The US Open Tennis final is contested by a set of new young tennis players, who appear to be finally unseating the 'old guard', including Roger Federer and Novak Djokovic. This is how a series of remarkable upsets at the very top of the game, is being portrayed in the press.
But there is a new theory in psychology which explains the current spate of early tournament reversals suffered by these normally unbeatable players.
Speculation over Roger Federer's retirement has gathered pace since two sets of twins arrived in his marriage, but while Novak Djokovic is six years younger than Roger Federer at 27, he is newly married and expecting his first child shortly.
Could this be the key link between these two giants of the game, who both almost simultaneously suffered unexpected defeats?
This may seem fanciful, but a study entitled 'Marriage affects competitive performance in male tennis players', by psychologists Daniel Farrelly and Daniel Nettle, found that professional male tennis players perform significantly worse in the year after their marriage, compared to the year before, whereas there is no such effect for unmarried players of the same age.
It is notable that both finalists in the US Tennis Open, Marin Cilic and Kei Nishikori, do not appear to be married, in contrast to the players they defeated.
Is it also a coincidence that Rory Mcllroy, one of the world's top golfers, seems to have overcome a period of relative under-performance, stringing together a series of recent victories, shortly after, it appears, breaking up with long-standing girlfriend, Caroline Wozniacki?
She had been reported to have been 'dumped' by Mcllroy shortly after they sent out wedding invites. But, according to the latest psychological research, Rory Mcllroy made the right move if staying at the top of golf was his key aim. His sporting prowess since the break-up would appear to bear that out.
The authors of the study, published in the 'Journal of Evolutionary Psychology', suggest that following marriage, men experience a psychological mechanism which has evolved over many generations from our ancient past, and which inevitably leads to less motivation to engage in competition.
Daniel Farrelly and Daniel Nettle investigated male tennis players who had appeared in the top 100 players in the ATP singles rankings at the end of each year, from 1995 to 2005.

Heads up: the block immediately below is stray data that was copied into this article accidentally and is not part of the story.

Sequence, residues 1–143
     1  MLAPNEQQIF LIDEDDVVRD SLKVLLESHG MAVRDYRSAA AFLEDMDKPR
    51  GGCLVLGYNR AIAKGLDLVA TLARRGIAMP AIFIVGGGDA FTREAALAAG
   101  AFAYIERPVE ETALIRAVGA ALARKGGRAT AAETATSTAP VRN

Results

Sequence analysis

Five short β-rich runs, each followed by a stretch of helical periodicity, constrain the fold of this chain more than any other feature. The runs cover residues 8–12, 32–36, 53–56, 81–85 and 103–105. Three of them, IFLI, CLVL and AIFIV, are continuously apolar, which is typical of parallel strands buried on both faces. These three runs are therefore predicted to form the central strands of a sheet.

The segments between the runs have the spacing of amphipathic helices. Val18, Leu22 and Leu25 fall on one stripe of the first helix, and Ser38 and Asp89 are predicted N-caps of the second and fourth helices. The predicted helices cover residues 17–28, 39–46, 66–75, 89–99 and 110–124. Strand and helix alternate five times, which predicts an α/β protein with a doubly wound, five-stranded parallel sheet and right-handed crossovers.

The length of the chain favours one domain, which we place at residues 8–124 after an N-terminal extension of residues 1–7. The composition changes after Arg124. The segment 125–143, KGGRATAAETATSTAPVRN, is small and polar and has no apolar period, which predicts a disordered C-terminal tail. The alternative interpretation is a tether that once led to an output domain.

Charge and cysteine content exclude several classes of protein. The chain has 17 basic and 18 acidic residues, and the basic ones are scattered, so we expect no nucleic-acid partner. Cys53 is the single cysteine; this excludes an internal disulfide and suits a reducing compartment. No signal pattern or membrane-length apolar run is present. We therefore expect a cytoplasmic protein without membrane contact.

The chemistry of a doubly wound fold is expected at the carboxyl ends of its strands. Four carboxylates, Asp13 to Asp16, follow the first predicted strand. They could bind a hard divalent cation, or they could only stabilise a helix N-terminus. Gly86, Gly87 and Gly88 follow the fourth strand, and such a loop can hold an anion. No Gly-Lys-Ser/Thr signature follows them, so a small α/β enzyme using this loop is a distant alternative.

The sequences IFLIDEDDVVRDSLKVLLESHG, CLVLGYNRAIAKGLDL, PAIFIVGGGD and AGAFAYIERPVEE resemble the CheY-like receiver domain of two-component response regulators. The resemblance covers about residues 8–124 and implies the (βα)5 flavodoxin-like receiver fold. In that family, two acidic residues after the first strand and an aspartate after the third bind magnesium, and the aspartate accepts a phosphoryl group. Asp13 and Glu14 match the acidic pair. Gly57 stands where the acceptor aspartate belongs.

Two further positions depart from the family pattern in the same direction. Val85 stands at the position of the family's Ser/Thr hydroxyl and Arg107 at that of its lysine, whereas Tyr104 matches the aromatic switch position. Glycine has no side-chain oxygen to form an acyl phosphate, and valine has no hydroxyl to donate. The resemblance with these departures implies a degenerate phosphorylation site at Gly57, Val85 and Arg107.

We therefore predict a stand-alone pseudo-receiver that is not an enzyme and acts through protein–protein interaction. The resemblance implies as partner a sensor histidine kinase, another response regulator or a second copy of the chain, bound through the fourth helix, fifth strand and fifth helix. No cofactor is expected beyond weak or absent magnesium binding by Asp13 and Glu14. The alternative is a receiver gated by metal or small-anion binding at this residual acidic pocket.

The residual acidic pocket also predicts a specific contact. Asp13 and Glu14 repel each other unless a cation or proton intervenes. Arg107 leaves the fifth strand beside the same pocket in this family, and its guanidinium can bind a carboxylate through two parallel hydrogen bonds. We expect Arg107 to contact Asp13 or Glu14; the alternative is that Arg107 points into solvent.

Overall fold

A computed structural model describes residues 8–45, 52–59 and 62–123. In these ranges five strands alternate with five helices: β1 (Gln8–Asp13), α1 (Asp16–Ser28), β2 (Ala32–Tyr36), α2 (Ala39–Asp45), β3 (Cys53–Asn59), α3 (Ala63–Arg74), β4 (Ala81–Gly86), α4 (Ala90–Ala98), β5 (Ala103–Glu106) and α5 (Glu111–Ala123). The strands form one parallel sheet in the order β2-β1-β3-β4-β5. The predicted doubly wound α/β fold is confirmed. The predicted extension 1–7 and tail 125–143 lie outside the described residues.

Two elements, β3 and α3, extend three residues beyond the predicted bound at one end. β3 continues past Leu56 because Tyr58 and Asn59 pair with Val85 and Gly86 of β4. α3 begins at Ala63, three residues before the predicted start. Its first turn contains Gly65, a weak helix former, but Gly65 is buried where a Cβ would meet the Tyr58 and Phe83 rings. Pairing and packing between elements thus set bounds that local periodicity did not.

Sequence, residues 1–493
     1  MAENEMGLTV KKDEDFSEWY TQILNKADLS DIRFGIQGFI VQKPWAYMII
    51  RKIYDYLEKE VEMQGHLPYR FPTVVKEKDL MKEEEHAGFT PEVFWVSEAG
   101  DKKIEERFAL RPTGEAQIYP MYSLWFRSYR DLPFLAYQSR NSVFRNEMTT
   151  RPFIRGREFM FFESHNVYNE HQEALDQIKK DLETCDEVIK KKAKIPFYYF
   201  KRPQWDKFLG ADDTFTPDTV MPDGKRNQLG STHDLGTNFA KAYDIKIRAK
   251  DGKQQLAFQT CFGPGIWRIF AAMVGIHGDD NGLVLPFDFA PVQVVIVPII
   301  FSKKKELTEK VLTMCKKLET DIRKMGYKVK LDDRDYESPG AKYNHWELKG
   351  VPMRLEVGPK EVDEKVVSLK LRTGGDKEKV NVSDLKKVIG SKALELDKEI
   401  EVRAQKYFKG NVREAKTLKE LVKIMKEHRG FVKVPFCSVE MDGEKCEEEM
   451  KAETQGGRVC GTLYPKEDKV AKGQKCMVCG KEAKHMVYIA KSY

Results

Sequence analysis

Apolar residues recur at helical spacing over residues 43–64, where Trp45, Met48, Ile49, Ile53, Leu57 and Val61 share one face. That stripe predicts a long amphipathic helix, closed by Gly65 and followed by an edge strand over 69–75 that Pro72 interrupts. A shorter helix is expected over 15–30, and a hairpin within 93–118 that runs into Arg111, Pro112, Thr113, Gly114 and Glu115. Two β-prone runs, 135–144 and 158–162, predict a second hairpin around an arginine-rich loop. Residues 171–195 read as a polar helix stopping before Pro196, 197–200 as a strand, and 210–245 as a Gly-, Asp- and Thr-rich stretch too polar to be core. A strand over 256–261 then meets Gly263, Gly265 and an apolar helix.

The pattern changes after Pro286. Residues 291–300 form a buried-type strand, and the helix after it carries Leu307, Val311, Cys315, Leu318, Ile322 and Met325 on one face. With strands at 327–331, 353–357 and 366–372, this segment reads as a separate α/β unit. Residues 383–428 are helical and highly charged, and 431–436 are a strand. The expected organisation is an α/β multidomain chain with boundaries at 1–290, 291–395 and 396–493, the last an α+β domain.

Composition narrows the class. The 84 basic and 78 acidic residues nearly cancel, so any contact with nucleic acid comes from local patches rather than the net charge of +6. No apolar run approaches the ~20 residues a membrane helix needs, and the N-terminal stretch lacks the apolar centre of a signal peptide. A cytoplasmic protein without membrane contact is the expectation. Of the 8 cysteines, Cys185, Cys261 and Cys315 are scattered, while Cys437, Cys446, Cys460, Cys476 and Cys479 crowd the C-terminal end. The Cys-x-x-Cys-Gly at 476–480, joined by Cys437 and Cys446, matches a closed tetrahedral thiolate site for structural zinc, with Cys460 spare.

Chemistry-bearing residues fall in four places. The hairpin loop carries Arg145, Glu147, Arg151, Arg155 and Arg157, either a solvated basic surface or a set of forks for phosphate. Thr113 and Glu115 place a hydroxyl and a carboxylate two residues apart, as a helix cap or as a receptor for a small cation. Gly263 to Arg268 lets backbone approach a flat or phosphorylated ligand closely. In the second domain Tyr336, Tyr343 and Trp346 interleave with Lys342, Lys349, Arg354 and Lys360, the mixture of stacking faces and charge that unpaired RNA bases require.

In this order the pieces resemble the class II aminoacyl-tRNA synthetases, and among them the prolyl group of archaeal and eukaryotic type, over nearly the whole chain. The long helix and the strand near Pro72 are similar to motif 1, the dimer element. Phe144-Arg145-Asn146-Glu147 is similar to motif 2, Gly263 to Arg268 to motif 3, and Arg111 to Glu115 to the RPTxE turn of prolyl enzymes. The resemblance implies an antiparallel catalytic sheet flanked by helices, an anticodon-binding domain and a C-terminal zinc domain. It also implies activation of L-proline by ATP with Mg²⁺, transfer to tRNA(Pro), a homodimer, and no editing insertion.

Their investigation found married players suffered a significant decrease in ranking points between the year before getting married, and the year after, whereas there was no such difference in performance for unmarried players, during the corresponding time period.
Married players also suffered a significant decrease in winning percentages between the corresponding years, whereas there was no such difference in performance for unmarried players.
But married players may not be suffering decreased competitive drive, but merely less ability to commit to tournaments around the world? The authors of this study, based at the University of Worcester and the University of Newcastle, argue that their results indicate this does not seem to be the case. Success in actually winning matches significantly decreased following marriage.
This is possibly produced by reductions in the levels of hormone Testosterone, which men experience as a result of marriage. Testosterone is found in much higher levels in men compared to women, and is associated with aggression, competitiveness, dominance and risk-taking. Testosterone is thought to be important in winning in sports and other adversarial encounters between men.
Psychologists argue that men compete in sports, and other activities (practically anything in fact), to become 'top dog', as this then makes them more attractive to the opposite sex.
This need to beat others is therefore an evolved motivation in male psychology. It could be said to be genetically wired into the male brain. In ancient times moving up the hierarchy of the tribe was a sexual strategy for men. Being seen as superior in physical and mental prowess, gains greater opportunities to mate with more desirable women, through increased status, according to this theory.
Competing successfully in adversarial encounters with other men, in our ancestral environments, led to maximising male reproductive success - passing on more genes to future generations.
Other research, in support of this theory, has shown that when a male's mating strategy shifts from acquiring mates to maintaining them (i.e. following marriage), his Testosterone levels drop. This has been shown among married men, and those in long-term committed relationships (Rory take note).
Following marriage, however, (according to this theory) men devote their resources to looking after their partner, and so divert energy away from beating male competition. Marriage, according to these evolutionary arguments, inevitably means men lose their edge when competing.
From an evolutionary standpoint, men need to protect their genetic legacy, and this is best achieved after marriage, by looking out for their family, rather than continuing to compete with other men, so running the risk of neglecting their partner or children.
Indeed should they continue to challenge other men outside the family home, then the neglected partner left back at the cave, might become contested for by another male.
According to this evolutionary theory, men compete to rise up any ladder, tennis rankings, or anything else (it doesn't actually matter what), because, fundamentally, they are really trying to get hooked up.
Theoretically, this process is operating at an unconscious level, so Djokovic and Federer may themselves remain unaware of why their performance was below par, and neither may Rory be fully aware of precisely why his game picked up either.
It remains to be seen whether sports psychologists start advocating separation as a way of rescuing your career, but we do know Testosterone levels go back up after divorce.